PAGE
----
A breast self-exam is something that should be performed just as regularly as brushing your teeth (except not every day, of course). This type of exam requires no tools or instruments. It can be done in the privacy of your own home. If you do not get to the gynecologist or doctor as you should, take the responsibility into your “own hands” at your leisure.
Normally, breasts should be checked regularly by a gynecologist every visit (1-2 years), beginning at the age of 20. You should perform breast self exam on a regular basis once a month at the same time. If you are required to have a mammogram, follow your doctor’s advice.
Breast self-exams are more effective if performed after your menstrual cycle (breasts are less sensitive at this time). There are a few things to look for and feel for. First, check out the overall look of your breasts and see if there are any irregular changes in them.
This may be done in front of a mirror. Is one breast sagging or has anything in particular grown on or around them? Do you have discharge from the nipple? If you have any of these changes, inform your doctor or gynecologist immediately.
One of the easiest and most convenient ways to perform breast self-exam is in the shower because it is easier to detect lumps under wet skin. Another way is to be lying flat down with one arm up at a time. If you prefer, you may do it standing, but this method is probably not the most accurate or effective.
To perform self-breast self-exam, first, take the pads of your hands and fingers and glide them over (not push) the skin all the way from the collar bone to underneath the armpit to your breast and breast bone areas.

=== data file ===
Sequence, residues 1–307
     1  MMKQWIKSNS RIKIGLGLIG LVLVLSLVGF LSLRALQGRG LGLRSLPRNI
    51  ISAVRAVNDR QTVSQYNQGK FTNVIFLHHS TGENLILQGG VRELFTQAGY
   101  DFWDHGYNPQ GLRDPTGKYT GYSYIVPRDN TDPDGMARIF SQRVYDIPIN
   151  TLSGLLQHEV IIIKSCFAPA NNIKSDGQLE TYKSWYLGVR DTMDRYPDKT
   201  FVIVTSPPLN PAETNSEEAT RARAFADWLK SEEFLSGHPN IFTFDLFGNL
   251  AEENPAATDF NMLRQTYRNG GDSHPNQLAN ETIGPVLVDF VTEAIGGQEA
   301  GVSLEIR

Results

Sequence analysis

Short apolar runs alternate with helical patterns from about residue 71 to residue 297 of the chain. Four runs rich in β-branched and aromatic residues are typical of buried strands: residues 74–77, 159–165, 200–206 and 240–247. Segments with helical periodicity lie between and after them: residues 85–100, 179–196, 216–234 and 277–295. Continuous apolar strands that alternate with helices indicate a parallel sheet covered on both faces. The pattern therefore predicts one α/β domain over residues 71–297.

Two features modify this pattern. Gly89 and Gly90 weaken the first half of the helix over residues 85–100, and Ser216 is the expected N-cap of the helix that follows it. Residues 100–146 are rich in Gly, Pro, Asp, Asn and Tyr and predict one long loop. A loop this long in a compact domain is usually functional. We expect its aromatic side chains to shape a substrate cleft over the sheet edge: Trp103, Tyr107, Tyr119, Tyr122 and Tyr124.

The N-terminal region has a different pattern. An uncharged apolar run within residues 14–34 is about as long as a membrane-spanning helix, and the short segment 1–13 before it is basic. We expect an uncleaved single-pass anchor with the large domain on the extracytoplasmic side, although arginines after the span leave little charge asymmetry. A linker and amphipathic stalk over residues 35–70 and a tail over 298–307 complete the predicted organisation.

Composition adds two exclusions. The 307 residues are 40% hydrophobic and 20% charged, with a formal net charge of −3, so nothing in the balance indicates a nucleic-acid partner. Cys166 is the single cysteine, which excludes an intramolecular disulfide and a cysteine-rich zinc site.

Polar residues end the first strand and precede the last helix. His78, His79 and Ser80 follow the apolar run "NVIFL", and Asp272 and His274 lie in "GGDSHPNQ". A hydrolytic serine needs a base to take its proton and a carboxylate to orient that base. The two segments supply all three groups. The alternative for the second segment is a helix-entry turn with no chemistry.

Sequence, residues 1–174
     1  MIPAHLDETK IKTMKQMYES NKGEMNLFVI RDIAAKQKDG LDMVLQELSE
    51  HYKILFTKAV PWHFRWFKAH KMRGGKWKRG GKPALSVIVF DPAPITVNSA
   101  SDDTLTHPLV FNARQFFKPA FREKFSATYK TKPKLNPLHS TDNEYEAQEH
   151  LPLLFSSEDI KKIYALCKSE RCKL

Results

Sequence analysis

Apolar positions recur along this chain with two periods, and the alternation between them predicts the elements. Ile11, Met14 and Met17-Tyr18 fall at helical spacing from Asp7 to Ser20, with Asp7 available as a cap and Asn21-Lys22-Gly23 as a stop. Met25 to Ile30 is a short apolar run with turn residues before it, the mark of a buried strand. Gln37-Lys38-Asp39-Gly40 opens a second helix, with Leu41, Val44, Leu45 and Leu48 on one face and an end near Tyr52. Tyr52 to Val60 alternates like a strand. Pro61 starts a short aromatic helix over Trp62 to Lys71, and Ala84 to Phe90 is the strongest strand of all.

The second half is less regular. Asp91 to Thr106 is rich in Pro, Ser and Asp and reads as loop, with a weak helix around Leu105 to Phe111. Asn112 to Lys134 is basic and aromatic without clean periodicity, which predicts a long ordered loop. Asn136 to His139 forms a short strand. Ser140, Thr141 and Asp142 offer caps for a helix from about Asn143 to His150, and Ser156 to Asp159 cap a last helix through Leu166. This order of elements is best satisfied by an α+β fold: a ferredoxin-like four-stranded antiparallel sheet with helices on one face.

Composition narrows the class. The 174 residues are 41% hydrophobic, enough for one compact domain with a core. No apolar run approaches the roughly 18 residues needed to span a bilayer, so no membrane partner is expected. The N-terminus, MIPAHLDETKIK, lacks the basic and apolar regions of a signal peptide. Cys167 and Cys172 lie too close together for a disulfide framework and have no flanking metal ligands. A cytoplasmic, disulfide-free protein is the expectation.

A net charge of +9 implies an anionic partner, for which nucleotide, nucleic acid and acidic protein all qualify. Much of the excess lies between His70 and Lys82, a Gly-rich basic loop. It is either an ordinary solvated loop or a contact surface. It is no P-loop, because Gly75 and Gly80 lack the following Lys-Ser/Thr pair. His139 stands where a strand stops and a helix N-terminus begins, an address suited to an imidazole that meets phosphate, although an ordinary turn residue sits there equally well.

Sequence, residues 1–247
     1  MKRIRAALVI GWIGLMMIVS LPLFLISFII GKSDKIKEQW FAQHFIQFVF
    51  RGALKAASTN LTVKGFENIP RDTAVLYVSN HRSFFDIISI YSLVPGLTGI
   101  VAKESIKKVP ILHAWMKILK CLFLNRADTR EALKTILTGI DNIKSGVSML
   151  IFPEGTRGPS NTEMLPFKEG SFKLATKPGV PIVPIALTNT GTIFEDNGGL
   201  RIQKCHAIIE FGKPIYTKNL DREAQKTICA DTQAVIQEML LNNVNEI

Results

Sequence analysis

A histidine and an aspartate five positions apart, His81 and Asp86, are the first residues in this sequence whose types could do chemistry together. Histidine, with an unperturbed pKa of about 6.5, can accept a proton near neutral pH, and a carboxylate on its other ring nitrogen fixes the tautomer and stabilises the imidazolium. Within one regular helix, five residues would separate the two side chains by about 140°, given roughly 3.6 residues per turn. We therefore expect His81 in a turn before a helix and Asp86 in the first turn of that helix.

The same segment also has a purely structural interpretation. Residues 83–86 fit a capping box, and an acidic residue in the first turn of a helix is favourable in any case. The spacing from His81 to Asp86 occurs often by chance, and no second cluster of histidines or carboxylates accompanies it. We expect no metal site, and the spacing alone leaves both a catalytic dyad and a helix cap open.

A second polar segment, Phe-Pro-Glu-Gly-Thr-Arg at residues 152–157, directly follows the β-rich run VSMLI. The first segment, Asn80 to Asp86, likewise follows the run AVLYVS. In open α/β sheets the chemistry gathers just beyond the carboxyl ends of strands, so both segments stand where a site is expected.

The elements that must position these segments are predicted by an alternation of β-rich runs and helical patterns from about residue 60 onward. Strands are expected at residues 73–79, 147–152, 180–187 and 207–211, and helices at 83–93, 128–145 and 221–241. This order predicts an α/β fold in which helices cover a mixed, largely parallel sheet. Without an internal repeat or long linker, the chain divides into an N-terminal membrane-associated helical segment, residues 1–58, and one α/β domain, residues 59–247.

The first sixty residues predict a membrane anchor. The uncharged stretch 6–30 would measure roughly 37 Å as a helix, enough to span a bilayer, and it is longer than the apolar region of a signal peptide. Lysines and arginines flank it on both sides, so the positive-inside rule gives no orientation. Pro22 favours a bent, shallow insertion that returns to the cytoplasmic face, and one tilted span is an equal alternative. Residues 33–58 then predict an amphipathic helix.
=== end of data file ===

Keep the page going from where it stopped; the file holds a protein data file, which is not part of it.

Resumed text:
It is easy to miss a lump if you are using an “up and down” technique, which will “miss” lumps. However, if you are trying to examine the inside of the “deeper tissues” of the breast, this is acceptable. Remember, to use the glide technique and light pressure upon examination. The shower method makes it the easiest way to do this.
If you detect a lump, call your doctor and get an appointment as soon as possible. The lump can be either benign or malignant, but there’s no way to tell without a biopsy. This can be done by your gynecologist or surgeon.
Women age 40 and over should have regular mammography lined up (1-2 years) and should be constantly on top of their breast health. For women who have a history of breast cancer in their family, the concern should be deeper and more serious. Women who are age 35-54 are at the greatest risk for breast cancer, as breast cancer is the leading cause of death in women of this age group.
It has been recommend by many health professionals that exercise may reduce the chances of developing breast cancer. Smokers should also reconsider their habit in light of this disease, as well. It is wise to eat a low fat, low calorie diet, which is high in fiber, to stave off the disease.